Tuesday, October 30, 2012 | Categories: Episodes
Libya: One year after NATO forces pulled out - Libyan moved back to Libya
Libyans believed they were celebrating a new beginning just year ago. The NATO mission headed by Canadian Lt. Gen Charles Bouchard was declared a success and the end of 42 years of oppressive rule by Mouammar Gadhafi seemed to herald a better future. We wanted to know if Libyans still feel that way, and if their lives are better, a year after NATO ceased operations.
Donya Abdulhadi is a Libyan who was born in Italy, and spent most of her life outside Libya - attending university at McMaster University in Hamilton, Ontario, working in Toronto, living in Italy. But she's moved back to Libya and now works in the capital city of Tripoli. We reached her this morning on vacation in Rome.
Libyana - Hamid El Shari
Libya: One year after NATO forces pulled out - Tripoli Resident
Our next guest also lives in Libya's capital. We'd been in touch with him during the uprising, but he never spoke on the air because he feared for his safety. Today though, Hussam Arnaout joined us from Tripoli.
Libya: One year after NATO forces pulled out - Human Rights Watch
Both Hussam Arnaout and Donya Abdulhadi are proud of Libya and optimistic about its future. But events in a town about 100 km south of Tripoli expose another view of Libya.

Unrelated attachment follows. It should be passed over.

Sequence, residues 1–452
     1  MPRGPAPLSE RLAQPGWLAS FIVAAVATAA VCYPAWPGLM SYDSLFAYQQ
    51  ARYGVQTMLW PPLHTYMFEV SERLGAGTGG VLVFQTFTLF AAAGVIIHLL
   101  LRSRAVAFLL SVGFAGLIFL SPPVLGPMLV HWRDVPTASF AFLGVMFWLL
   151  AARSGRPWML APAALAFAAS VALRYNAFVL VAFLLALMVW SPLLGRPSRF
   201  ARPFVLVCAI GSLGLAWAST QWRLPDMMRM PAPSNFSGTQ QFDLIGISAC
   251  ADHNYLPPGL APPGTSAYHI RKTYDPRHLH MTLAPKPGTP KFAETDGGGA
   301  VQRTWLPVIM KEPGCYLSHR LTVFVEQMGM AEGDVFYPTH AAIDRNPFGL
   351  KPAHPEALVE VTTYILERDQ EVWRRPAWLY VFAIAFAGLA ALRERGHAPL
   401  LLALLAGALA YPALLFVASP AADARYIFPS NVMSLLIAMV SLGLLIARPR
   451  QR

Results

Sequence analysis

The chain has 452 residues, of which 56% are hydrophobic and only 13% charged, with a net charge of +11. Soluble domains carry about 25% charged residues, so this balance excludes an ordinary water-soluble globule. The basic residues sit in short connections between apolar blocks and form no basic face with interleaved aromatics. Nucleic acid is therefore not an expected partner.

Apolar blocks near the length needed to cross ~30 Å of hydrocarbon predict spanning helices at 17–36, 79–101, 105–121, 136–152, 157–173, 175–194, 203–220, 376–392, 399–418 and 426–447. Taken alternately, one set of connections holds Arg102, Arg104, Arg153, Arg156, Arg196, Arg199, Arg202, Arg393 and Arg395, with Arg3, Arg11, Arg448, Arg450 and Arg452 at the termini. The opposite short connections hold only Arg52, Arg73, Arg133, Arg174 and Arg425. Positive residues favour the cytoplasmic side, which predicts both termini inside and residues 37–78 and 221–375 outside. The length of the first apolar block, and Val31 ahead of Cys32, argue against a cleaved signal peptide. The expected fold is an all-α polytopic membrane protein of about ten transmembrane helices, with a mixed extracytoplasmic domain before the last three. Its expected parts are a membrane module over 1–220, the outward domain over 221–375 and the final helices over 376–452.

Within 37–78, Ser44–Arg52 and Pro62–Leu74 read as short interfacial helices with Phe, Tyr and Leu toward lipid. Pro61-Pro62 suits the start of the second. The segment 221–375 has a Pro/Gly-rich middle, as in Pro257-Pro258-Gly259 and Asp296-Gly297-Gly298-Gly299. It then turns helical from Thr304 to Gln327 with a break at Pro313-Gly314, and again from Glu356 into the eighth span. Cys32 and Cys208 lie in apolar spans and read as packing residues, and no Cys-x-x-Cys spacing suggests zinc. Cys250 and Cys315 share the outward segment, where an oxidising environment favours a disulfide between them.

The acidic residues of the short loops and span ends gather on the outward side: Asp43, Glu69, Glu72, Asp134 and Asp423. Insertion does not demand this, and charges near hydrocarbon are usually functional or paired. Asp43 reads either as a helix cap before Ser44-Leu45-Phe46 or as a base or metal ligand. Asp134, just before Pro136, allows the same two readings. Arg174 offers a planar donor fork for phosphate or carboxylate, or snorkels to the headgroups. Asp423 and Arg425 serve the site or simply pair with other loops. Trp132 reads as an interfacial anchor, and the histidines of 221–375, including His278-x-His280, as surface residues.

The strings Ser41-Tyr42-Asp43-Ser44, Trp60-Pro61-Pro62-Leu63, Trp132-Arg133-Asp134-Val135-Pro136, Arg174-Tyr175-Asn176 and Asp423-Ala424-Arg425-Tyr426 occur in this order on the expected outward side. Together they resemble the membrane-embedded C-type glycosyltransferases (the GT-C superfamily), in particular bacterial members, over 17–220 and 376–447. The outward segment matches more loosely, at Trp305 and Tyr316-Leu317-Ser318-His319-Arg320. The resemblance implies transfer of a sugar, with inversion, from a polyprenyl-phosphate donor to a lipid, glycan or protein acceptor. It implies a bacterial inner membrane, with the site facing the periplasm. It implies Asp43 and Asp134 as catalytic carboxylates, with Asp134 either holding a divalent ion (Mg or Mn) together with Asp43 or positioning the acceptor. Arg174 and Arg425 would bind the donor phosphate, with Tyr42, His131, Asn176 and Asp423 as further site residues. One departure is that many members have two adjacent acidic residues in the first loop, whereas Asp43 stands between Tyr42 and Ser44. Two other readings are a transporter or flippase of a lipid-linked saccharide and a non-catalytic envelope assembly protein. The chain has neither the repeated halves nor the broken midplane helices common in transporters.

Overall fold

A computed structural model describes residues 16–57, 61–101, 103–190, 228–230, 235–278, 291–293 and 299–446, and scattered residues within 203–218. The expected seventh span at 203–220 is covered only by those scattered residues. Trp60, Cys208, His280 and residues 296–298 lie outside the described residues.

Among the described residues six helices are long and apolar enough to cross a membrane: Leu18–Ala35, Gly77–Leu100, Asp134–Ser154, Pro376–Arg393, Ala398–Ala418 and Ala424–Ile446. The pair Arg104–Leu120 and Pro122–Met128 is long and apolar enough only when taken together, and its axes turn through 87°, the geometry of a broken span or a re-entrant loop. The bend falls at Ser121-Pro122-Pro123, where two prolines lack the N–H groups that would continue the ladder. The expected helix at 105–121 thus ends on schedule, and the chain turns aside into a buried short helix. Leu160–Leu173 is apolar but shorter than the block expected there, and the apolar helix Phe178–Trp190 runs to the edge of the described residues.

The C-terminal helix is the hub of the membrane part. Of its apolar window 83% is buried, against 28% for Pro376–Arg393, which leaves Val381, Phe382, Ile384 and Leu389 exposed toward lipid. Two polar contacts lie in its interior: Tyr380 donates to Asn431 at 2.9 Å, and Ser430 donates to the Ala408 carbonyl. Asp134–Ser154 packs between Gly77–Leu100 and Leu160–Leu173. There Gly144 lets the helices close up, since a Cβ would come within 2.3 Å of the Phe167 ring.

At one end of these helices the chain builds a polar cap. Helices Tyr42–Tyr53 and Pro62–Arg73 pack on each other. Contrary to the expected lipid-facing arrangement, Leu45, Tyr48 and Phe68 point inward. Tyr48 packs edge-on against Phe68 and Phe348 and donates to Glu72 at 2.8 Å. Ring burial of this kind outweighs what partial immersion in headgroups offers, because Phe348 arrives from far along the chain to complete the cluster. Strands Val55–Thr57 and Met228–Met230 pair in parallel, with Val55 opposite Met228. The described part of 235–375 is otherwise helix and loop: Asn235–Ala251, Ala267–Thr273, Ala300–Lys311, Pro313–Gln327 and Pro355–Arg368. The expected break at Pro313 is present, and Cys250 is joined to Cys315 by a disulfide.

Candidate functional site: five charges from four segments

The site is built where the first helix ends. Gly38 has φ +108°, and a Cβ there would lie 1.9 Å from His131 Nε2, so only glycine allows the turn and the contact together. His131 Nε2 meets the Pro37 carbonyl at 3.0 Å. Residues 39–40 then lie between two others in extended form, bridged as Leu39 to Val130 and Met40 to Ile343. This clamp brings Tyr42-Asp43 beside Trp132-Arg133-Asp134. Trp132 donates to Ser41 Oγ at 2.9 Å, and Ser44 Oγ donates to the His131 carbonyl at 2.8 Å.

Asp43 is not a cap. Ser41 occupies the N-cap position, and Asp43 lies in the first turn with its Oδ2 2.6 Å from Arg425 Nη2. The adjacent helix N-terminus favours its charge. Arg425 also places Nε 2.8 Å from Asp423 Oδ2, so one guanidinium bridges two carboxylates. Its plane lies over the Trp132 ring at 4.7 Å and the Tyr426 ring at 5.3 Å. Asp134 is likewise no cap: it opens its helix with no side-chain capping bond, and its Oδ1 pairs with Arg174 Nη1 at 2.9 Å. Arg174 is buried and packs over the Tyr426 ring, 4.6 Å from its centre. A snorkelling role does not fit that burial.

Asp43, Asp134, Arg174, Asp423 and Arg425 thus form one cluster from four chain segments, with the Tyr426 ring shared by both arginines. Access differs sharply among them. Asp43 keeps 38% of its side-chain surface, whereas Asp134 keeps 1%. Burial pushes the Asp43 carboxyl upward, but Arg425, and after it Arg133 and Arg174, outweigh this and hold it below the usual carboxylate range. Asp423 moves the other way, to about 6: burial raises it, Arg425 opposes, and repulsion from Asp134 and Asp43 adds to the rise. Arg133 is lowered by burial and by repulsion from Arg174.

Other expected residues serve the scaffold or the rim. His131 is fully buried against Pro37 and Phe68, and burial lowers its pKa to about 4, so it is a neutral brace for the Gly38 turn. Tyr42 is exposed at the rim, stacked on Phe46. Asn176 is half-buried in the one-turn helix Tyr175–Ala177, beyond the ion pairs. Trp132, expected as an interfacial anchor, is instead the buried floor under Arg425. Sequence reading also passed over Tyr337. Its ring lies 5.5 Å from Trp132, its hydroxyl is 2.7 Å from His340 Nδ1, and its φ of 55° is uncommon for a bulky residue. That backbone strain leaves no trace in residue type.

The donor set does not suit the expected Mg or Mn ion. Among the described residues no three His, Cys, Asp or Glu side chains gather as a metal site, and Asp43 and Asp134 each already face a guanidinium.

Bani Walid was a stronghold of former Libyan leader Moammar Gadhafi, and still home to many Gadhafi loyalists. It's been under siege for weeks by government-aligned militias who entered the town to allegedly arrest fugitive criminals. But the operation expanded and civilians have been killed. Bani Walid residents call it an unjustified government force against their town.
According to reports, at least 22 people have been killed in Bani Walid - and thousands of others have been injured or displaced. What's happening there represents a microcosm of the challenges Libya faces one year after NATO forces pulled out.
Hanan Salah is the Libya researcher for Human Rights Watch in New York City.
This segment was produced by The Current's Pacinthe Mattar.
Other segments from today's show: